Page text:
Introduction

1. This guidance note is aimed at people owning, keeping, or working with horses kept for recreational purposes in England, during an outbreak of foot-and-mouth disease. It explains what restrictions apply, and recommends the precautions you should take to minimise the risk of spreading disease.

2. Restrictions and advice change during an outbreak, so if you are in any doubt, please check the Defra website (www.defra.gov.uk) or the Defra helpline (08459 33 55 77) for the latest position.

Background

3. Horses are not susceptible to infection by foot-and-mouth disease, and they cannot carry the virus in the same way as susceptible animals, such as sheep and cattle. However, in common with other non-susceptible animals (such as dogs and cats), people and inanimate objects (such as cars), they can be involved in physically spreading infection.

4. Material from an infected animal (dung, hair etc.) can be carried on hooves, bodies and tack of horses and by the rider. It could be carried from areas containing infected animals to previously ‘clean’ areas.

5. The risk of horses carrying the virus is increased because horses are often kept on the same premises as susceptible animals , transported in vehicles used for moving susceptible animals, have contact with susceptible animals on neighbouring farms, or are handled by persons who also have contact with susceptible animals. There are therefore significantly tighter controls on the keeping of horses in a Protection Zone, than apply, say, to persons keeping dogs at home.

6. But the risk also varies greatly according to the particular circumstances: so, for example, a horse which is always kept on premises with no contact with susceptible livestock, and which is handled by persons who do not have contact with susceptible animals, will not pose a significantly greater risk as a medium for transmission than, say, a car or bicycle. Whereas a horse kept on a livestock farm will pose a much greater risk, and much more stringent precautions must be taken.

Legal requirements

7. In this guidance note, we have drawn special attention to requirements which you must follow, and advice which you are asked to follow. Where this guidance note says that you must or must not do something, it means that this is a requirement under the Foot-and-Mouth Disease (England) Order 2006 . If you do not observe these requirements, you may commit an offence, and the local authority may take enforcement action against you. In each case, a footnote shows which provision of the Order creates the offence.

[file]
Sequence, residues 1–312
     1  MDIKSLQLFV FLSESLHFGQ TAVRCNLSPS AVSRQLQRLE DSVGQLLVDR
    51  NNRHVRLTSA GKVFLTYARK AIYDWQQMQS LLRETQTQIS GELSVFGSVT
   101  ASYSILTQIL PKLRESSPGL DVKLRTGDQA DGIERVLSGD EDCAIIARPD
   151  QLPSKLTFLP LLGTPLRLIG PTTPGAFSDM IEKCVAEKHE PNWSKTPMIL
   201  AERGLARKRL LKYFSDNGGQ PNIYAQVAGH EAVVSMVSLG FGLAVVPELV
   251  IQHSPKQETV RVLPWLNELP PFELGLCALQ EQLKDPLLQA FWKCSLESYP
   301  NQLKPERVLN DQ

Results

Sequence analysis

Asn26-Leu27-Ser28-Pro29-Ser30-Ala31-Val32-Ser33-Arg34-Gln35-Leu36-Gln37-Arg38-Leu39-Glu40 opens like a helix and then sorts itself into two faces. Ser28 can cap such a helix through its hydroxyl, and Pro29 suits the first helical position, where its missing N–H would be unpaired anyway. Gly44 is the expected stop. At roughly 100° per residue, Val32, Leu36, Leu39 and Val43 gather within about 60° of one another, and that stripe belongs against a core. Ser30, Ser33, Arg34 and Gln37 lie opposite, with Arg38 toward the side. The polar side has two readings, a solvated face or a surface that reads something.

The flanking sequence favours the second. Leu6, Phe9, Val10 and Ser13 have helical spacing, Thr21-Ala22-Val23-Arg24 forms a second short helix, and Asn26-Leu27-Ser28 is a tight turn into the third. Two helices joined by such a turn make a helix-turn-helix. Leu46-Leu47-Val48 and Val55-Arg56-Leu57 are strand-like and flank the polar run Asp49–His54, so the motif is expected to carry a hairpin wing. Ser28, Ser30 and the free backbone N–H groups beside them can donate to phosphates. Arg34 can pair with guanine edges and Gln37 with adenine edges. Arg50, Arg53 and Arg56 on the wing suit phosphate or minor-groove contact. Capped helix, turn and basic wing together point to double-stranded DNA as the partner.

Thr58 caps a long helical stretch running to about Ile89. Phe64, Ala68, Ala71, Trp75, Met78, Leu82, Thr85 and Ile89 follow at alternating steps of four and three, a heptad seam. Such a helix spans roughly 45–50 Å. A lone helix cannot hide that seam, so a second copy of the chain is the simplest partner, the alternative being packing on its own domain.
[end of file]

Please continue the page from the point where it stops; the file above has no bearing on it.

8. Where advice is given which is not a requirement, this is based on accepted good practice and is designed to assist horse owners to play their part in preventing the disease from spreading.

9. Advice to persons keeping, riding or looking after horses varies depends on where the horse is kept:

  • Protection Zones are declared in the vicinity (a radius of at least three kilometres) of an infected premises — usually, a farm where diseased livestock have been found. Special guidance in relation to horses kept in a Protection Zone is contained further below.
  • Surveillance Zones are declared in the vicinity (a radius of at least ten kilometres, but outside the Protection Zone) of an infected premises.
  • Outside of any Protection Zones and Surveillance Zone, some activities are also prohibited in a Restricted Zone. During an outbreak of foot-and-mouth disease, the whole of Great Britain is likely to be declared a Restricted Zone. However, this guidance note only gives advice about the position in England.

10. In some cases, it may be possible to do something which is normally prohibited, under licence from an inspector or veterinary inspector. We have marked the text with an “(L)” where this is the case — but this does not mean that you are entitled to obtain a licence: it will depend on the circumstances. Specific licences may be issued in exceptional circumstances (e.g. to alleviate extreme welfare problems). Please contact the local Animal Health Divisional Office if you require further information on specific licences (see the Defra website at: www.defra.gov.uk/animalhealth/about-us/contact-us/animal-health-offices.htm for a list of offices, or contact the Defra helpline: 08459 33 55 77). Some licences are issued for general purposes: you can see a list of general licences on the Defra website, at:
www.defra.gov.uk/animalh/diseases/fmd/movements/index.htm.

General requirements

11. This section is aimed at people with horses kept outside a Protection or Surveillance Zone. There are few restrictions affecting people with horses outside these zones. However, the following do apply:

  • You must not organise or take part in hunting a drag or other trail (L) .
  • You must not ride into a Protection Zone, even on a road (L) .
  • You must not transport your horse into a Protection Zone, even to see a vet (L) .
  • You may transport your horse through a Protection Zone, but you must do so only without breaking your journey.

12. If you need to take your horse to see a vet whose premises is located in a Protection Zone, please contact your vet. Your vet will be able to discuss alternative arrangements with you.

General advice

13. Veterinary advice is that the risk of transmission of disease arising from horse riders using rights of way and open land outside Protection Zones is negligible, and does not justify the closure of paths. However, path users, whether on foot, horseback or on cycle, should take sensible precautions to minimise any residual risk, and to maintain confidence. These precautions should also be taken when using unfenced roads across grazing land (e.g. common land):